Destino, London, W1

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Imagine a hellish fusion of a hacienda and The Hacienda, and you'll get an impression of the downstairs bar at Destino. The leather armchairs and original Spanish tiling are straight out of an elegant Mexican gran casa, while the sound system thumps out Hispanic house at teeth-rattling volume. This must be how it felt to be Panama's President Noriega during his last hours of freedom, only with a wider choice of rum-based cocktails.

Imagine a hellish fusion of a hacienda and The Hacienda, and you'll get an impression of the downstairs bar at Destino. The leather armchairs and original Spanish tiling are straight out of an elegant Mexican gran casa, while the sound system thumps out Hispanic house at teeth-rattling volume. This must be how it felt to be Panama's President Noriega during his last hours of freedom, only with a wider choice of rum-based cocktails.

If I've already taken a scattergun approach with my Latin American references, that's because Destino adopts a similar attitude to the continent's cuisine. This isn't your typical Tex-Mex joint, but London's first South American fine-dining restaurant. So tacos, fajitas and enchiladas are gussied up with anomalous ingredients like tuna loin, oysters and tiger prawns, and there are authentic Mexican dishes such as lamb mixiote and chicken mole (that's the one with the chocolate sauce).

Formerly Down Mexico Way, Destino is housed in a huge and atmospheric three-storey building, the original Sevillian-tiled interior (it opened in the 1920s as London's first Spanish restaurant) restored to match the upmarket new menu. Unfortunately the staff don't seem to have gone through a similar programme of refurbishment.

All four of us arrived in the first-floor dining room reeling from a contemptuous greeting by the maître d', who seemed to have modelled his look on Miami Vice and his people skills on Simon Cowell. "Latin American restaurant, Siberian welcome," as Tom observed. And our waiter, while friendly enough, wouldn't have known a caipirinha from a capybara. What sort of beer is Destino's specially brewed Rocio, someone wanted to know. "Is ... brown," our waiter ventured frowningly (it wasn't).

The margarita is a Mexican restaurant's gold standard, and Destino's, at £6.50, was just standard. Much better, from the extensive list of tequila- and rum-based cocktails, was a long Passionata, with rose-flavoured tequila, Pasoa and fresh passion fruit. Also on offer are more than 20 types of tequila, and mezcal at up to £30 a shot for occasions when only a very expensive cactus-and-worm-based drink will do.

Our meal began with guacamole, which they take extremely seriously at Destino. In the centre of the dining room, two specialist chefs preside over a wooden counter, mixing each portion to order and sending it to table in its own mortar. You can specify the preferred degree of spiciness; we chose medium, but should have gone for something more scorchio.

Destino's executive chef, Franz Conde (ex-Gaucho Grill; they don't mention that in the publicity) has introduced a modern Californian feel, with dishes like fresh oyster broiled with habanero rouille, tuna loin with Chino-Latino chilli, and oyster mushroom chimichanga.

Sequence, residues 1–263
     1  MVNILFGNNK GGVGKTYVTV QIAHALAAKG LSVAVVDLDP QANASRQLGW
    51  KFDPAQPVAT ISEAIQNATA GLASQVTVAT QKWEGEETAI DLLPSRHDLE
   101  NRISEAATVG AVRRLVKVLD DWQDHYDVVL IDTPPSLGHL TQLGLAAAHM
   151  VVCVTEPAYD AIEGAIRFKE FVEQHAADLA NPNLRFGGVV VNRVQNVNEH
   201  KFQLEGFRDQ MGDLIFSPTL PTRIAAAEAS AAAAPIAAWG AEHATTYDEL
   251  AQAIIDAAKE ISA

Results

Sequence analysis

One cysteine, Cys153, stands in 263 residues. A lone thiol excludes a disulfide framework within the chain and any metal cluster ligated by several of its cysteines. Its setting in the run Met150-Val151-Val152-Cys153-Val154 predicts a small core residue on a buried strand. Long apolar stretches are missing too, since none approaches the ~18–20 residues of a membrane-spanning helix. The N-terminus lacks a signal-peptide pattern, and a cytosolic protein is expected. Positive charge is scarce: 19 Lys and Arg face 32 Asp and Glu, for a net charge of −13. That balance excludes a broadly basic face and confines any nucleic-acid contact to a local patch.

Salmon ceviche, helpfully glossed as "Mexican gravadlax", was elegantly presented and bustlingly full-flavoured, the raw fish cured in tequila, mint, orange and lime, and sliced wafer-thin. Quesadillas with oyster mushrooms and taleggio had cooled, the cheese congealing into a waxy gloop, though a Mexican chorizo version was smoking hot and pretty good.

Main courses were a similarly mixed bunch. Definitely superior to the chain-restaurant variety were the butter-soft beef fajitas, made with the traditional cut of grilled skirt steak and served with fresh, floury tortillas, and aubergine purée as a classy stand-in for refried beans. But tuna tacos, lightly grilled tuna loin with an oriental-tasting sauce, were bland, the tuna's texture not a particularly happy match for tortilla. Best was the shellfish with black bean rice, which paired clams, squid and sweet, chubby prawns with a glossy squid-ink risotto.

Topping the dessert menu are churros, the sugar-dusted doughnut sticks chomped in market squares across the Spanish-speaking world. Served with chocolate ice-cream, they were sweet, light and utterly irresistible. Together with capirotada, a Mexican spiced- apple pudding, they brought our bill to around £50 a head, including drinks and service.

Apart from one table of Latin American dignitaries, who approached each dish with the solemn discernment of the Man from Del Monte, our fellow diners were office-worker casual, as though expecting it still to be Down Mexico Way. If so, bill apart, they'll have had a nice surprise; the food is a cut above that of a typical Mexican-themed restaurant in London.

So why won't I be making another date with Destino? The dining room is gorgeous, with its opulent tiling and adobe-pink walls, the rosy darkness set aglow by candles and crystal-beaded lamps. But there's something missing, particularly in the service, which leaves the experience feeling more package tour than Condé Nast Traveller. We ended up on the top floor, in a club area which may have been designed to feel decadent but comes off as seedy. In the Down Mexico Way days, this was one of the noisiest and most popular salsa venues in London, much frequented by the Latin American community. Now a DJ with decks plays earbleed house to a scattering of seated gringos. You know, sometimes theme restaurants can just be much more fun.

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